Nav: Home

Machine learning predicts mechanical properties of porous materials

May 15, 2019

Machine learning can be used to predict the properties of a group of materials which, according to some, could be as important to the 21st century as plastics were to the 20th.

Researchers have used machine learning techniques to accurately predict the mechanical properties of metal organic frameworks (MOFs), which could be used to extract water from the air in the desert, store dangerous gases or power hydrogen-based cars.

The researchers, led by the University of Cambridge, used their machine learning algorithm to predict the properties of more than 3000 existing MOFs, as well as MOFs which are yet to be synthesised in the laboratory.

The results, published in the inaugural edition of the Cell Press journal Matter, could be used to significantly speed up the way materials are characterised and designed at the molecular scale.

MOFs are self-assembling 3D compounds made of metallic and organic atoms connected together. Like plastics, they are highly versatile, and can be customised into millions of different combinations. Unlike plastics, which are based on long chains of polymers that grow in only one direction, MOFs have orderly crystalline structures that grow in all directions.

This crystalline structure means that MOFs can be made like building blocks: individual atoms or molecules can be switched in or out of the structure, a level of precision that is impossible to achieve with plastics.

The structures are highly porous with massive surface area: a MOF the size of a sugar cube laid flat would cover an area the size of six football fields. Perhaps somewhat counterintuitively however, MOFs make highly effective storage devices. The pores in any given MOF can be customised to form a perfectly-shaped storage pocket for different molecules, just by changing the building blocks.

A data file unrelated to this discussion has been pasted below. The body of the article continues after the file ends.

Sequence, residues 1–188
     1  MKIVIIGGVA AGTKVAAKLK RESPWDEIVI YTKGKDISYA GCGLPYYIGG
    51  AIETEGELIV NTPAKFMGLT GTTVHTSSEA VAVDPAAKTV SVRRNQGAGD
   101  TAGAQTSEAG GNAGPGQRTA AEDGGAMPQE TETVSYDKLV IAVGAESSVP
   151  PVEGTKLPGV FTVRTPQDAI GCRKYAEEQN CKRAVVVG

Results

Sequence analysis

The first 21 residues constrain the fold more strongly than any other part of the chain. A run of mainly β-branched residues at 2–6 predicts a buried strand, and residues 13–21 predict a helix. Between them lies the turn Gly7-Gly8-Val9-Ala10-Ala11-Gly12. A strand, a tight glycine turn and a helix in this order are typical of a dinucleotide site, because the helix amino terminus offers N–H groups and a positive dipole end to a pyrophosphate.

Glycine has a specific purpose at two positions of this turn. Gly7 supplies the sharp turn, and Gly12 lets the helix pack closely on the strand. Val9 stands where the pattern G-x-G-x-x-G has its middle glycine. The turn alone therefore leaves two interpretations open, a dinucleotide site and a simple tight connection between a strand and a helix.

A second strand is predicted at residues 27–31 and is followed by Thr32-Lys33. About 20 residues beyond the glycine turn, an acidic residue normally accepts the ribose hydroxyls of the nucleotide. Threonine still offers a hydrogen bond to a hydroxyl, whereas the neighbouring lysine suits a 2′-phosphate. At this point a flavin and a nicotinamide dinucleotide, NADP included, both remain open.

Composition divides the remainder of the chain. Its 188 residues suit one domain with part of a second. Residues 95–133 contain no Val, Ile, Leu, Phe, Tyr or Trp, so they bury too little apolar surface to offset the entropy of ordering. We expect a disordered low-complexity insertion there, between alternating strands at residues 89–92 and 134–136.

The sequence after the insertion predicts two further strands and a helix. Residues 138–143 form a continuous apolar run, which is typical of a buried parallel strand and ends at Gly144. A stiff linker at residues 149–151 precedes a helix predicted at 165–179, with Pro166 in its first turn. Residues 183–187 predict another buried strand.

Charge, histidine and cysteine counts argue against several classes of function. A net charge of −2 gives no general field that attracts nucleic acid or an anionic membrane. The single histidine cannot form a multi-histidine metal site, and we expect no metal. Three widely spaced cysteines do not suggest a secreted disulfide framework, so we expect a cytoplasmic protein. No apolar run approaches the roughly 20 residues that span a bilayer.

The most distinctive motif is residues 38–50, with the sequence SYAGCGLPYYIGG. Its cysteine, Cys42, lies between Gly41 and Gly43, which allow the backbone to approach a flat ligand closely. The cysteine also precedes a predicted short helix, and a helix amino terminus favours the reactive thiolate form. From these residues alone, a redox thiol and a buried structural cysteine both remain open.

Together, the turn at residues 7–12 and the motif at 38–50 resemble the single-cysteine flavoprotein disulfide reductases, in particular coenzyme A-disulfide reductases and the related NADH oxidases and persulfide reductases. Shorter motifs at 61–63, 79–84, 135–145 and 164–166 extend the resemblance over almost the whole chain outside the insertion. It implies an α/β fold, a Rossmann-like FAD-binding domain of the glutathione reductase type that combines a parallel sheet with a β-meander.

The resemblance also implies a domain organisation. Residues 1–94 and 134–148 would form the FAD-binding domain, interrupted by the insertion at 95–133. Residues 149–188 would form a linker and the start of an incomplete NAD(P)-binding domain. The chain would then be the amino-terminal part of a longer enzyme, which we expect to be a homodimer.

"That MOFs are so porous makes them highly adaptable for all kinds of different applications, but at the same time their porous nature makes them highly fragile," said Dr David Fairen-Jimenez from Cambridge's Department of Chemical Engineering and Biotechnology, who led the research.

MOFs are synthesised in powder form, but in order to be of any practical use, the powder is put under pressure and formed into larger, shaped pellets. Due to their porosity, many MOFs are crushed in this process, wasting both time and money.

To address this problem, Fairen-Jimenez and his collaborators from Belgium and the US developed a machine learning algorithm to predict the mechanical properties of thousands of MOFs, so that only those with the necessary mechanical stability are manufactured.

The researchers used a multi-level computational approach in order to build an interactive map of the structural and mechanical landscape of MOFs. First, they used high-throughput molecular simulations for 3,385 MOFs. Secondly, they developed a freely-available machine learning algorithm to automatically predict the mechanical properties of existing and yet-to-be-synthesised MOFs.

"We are now able to explain the landscape for all the materials at the same time," said Fairen-Jimenez. "This way, we can predict what the best material would be for a given task."

The researchers have launched an interactive website where scientists can design and predict the performance of their own MOFs. Fairen-Jimenez says that the tool will help to close the gap between experimentalists and computationalists working in this area. "It allows researchers to access the tools they need in order to work with these materials: it simplifies the questions they need to ask," he said.
-end-
The research was funded in part by the Royal Society and the European Research Council.